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close this bookScurvy and its Prevention and Control in Major Emergencies (WHO; 1999; 70 pages)
View the documentAcknowledgements
View the documentScurvy: definition
open this folder and view contentsIntroduction
open this folder and view contentsScurvy
open this folder and view contentsVitamin C
open this folder and view contentsRecommended Daily Allowance (RDA)
close this folderSources of vitamin C
View the documentAvailability in foods
View the documentGermination
close this folderStability in foods
close this folderLosses
View the documentNatural raw food
View the documentVitamin availability
View the documentLosses before, during and after processing
View the documentLosses during food preparation before cooking
View the documentLosses during cooking
View the documentRetaining maximum levels of vitamin C during meal preparation
View the documentAdding vitamin C to foods
open this folder and view contentsStrategies to prevent scurvy in large refugee populations
View the documentCosts
open this folder and view contentsConclusions and recommendations
View the documentReferences
View the documentAnnex 1
View the documentAnnex 2
View the documentAnnex 3
View the documentBack Cover
 
Losses before, during and after processing

Fruits and vegetables that are harvested a long time before they are consumed undergo heavy losses of vitamin C through enzymatic decomposition. For example, the vitamin C content of apples stored under domestic conditions falls to about 1/3 of the original value after only 2-3 months. Green vegetables stored at room temperature lose practically all their vitamin C after only a few days, though losses are lower when stored at 0°C. Newly harvested potatoes have a vitamin C content of about 30 mg/100 g; this figure falls rapidly to about 8 mg/100 g after 8-9 months storage and to virtually nil after another 2 months (Marks, 1975).

Foods are processed in various ways to lengthen the time they can be stored, e.g. by canning, freezing, drying, sterilization and irradiation, and vitamin C losses vary depending on the method used. Before canning or freezing, vegetables are "blanched", i.e. exposed briefly to boiling water or steam to inactivate enzymes which have a detrimental effect during storage. Loss of vitamin C due to blanching is between 13-60%. Short exposure to high temperatures is less harmful than longer heating at lower temperatures. The vitamin C losses during blanching are caused either by oxidation or by leaching; and small pieces of vegetable lose more vitamin C than do large pieces. Losses can be reduced if vegetables are cooked rapidly after blanching. See Figure 2 for the percent of vitamin C retention during the processing and cooking of peas treated in different ways.


Figure 2: Percentage of vitamin C retention during processing and cooking of peas treated in different ways

Source: Marks 1975

Vitamin C loss also occurs during heat sterilization even though oxygen is excluded during this process. Foods stored in cans are relatively stable and losses after storage for 2 years at 10°C amounted to only about 15% of the initial value. Variations are found, however, depending on the degree of enzymatic destruction that has occurred during the blanching and sterilization phase (Marks, 1976).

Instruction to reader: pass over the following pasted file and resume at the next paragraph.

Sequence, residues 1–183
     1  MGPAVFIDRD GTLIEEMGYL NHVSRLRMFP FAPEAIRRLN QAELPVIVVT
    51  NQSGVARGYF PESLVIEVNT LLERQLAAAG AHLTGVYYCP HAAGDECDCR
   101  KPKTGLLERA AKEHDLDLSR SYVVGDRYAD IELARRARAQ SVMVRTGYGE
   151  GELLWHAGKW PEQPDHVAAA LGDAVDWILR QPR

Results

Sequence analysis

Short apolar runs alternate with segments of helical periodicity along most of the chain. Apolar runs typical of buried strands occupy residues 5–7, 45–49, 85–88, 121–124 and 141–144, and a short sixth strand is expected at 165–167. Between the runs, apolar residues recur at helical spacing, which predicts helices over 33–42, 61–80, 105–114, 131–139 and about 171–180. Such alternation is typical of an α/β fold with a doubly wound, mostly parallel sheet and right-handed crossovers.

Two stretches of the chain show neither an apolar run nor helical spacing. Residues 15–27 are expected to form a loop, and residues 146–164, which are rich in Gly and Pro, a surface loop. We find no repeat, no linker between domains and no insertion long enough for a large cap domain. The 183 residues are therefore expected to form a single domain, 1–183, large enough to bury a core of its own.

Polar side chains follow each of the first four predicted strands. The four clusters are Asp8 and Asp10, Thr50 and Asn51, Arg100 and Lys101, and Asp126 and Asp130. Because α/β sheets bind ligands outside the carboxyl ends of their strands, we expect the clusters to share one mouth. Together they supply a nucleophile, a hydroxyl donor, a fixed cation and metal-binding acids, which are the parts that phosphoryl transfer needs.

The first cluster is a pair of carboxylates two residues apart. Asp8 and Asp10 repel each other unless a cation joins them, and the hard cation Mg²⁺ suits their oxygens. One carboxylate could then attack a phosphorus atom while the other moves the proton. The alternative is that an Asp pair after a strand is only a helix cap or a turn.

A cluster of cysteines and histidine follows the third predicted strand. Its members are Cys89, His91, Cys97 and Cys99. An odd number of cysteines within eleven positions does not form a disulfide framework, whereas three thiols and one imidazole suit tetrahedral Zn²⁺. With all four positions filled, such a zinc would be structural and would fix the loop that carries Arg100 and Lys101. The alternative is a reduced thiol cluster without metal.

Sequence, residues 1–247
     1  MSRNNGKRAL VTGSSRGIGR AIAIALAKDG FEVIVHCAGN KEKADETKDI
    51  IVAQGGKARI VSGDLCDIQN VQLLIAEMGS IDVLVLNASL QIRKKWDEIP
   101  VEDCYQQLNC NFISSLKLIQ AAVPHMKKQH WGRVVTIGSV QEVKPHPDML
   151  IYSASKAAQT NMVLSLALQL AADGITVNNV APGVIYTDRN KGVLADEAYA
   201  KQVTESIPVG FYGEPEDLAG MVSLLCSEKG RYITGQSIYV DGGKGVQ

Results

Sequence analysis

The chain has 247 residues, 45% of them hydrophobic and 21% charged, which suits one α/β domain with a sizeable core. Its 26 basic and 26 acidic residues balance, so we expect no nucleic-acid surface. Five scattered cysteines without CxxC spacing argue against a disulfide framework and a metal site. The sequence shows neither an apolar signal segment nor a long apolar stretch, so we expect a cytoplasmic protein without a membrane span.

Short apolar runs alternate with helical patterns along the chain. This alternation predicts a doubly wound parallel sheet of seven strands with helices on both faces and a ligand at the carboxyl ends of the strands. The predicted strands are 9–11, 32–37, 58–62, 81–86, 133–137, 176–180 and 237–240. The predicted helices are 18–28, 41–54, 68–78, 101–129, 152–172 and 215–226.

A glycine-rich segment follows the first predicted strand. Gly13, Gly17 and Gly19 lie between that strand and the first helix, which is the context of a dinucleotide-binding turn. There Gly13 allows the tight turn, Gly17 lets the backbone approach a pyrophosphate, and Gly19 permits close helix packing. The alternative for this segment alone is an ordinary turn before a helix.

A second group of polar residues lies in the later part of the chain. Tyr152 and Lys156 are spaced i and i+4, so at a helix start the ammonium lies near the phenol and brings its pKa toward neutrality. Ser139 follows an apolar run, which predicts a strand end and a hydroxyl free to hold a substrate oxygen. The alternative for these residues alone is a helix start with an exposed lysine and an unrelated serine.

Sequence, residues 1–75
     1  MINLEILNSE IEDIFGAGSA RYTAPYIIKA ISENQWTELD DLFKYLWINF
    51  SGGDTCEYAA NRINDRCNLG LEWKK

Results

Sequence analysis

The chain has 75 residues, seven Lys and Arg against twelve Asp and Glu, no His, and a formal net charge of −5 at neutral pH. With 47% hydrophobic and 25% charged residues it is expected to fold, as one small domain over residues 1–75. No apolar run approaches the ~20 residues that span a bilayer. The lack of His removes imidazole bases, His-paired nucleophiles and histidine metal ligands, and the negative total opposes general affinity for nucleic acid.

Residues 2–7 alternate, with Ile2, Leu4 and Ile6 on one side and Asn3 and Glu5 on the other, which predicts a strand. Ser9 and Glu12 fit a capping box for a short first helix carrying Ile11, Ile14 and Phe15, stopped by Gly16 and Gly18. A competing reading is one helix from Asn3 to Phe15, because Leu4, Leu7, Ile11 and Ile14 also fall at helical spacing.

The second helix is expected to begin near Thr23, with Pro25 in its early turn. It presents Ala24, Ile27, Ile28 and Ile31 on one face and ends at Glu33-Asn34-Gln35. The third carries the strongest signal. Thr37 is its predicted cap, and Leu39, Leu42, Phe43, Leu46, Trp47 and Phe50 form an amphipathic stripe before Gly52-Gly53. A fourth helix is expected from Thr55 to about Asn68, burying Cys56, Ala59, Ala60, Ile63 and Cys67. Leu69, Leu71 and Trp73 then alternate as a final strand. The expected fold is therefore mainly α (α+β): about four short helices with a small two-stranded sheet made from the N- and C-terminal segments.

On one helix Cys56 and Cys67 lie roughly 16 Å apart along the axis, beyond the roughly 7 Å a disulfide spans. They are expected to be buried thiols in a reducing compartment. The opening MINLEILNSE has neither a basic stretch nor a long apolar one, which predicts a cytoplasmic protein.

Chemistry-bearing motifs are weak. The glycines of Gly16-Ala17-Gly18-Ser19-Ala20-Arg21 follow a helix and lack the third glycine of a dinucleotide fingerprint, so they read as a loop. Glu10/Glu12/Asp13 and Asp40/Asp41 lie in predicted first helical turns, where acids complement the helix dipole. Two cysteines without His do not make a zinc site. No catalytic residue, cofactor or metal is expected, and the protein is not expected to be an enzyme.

Freezing can be an effective method of food preservation since vitamin losses due to chemical decomposition are minimal. However, rapid decomposition may occur during thawing, especially in vegetables. Grant and Alburn (1965) have shown that vitamin C oxidation is faster in ice than in water. For example, frozen orange juice concentrates lost about 10% of their vitamin C content during 12 months storage at -23°C. The figures in the literature for vitamin C losses during deep freezing vary considerably, the average being 25% of the initial value.

Freeze drying is probably one of the best preservation methods as far as vitamin retention is concerned, although it is not widely practised. Hot air drying of vegetables results in a 10-15% loss of vitamin C under the most favourable conditions. The commercial dehydration of potatoes can cause losses of 35-45% (Berry Ottaway, 1993).

The stability of vitamin C in soft drinks and fruit juices varies widely according to the composition and oxygen content of the solution. It is very unstable in apple juice but quite stable in blackcurrant juice, possibly as a result of the protective effects of phenolic substances with antioxidant properties. Light can have an impact on the stability of vitamin C in milk with the extent of losses being dependent on the type of container in which the milk is stored and the length and conditions of exposure. Bottled orange drinks exposed to light have been found to lose up to 35% of their vitamin C within 3 months.Vitamin C losses in milk are around 25% during pasteurisation and about 60% during sterilization. Up to 100% of vitamin C content is lost in UHT (ultra-high temperature, short time treated) milk stored for 3 months (Berry Ottaway, 1993).

Grain milling to produce white flour minimizes the content of bran and germ and consequently vitamin C. White flour retains half the amount of vitamin C found in whole wheat flour.

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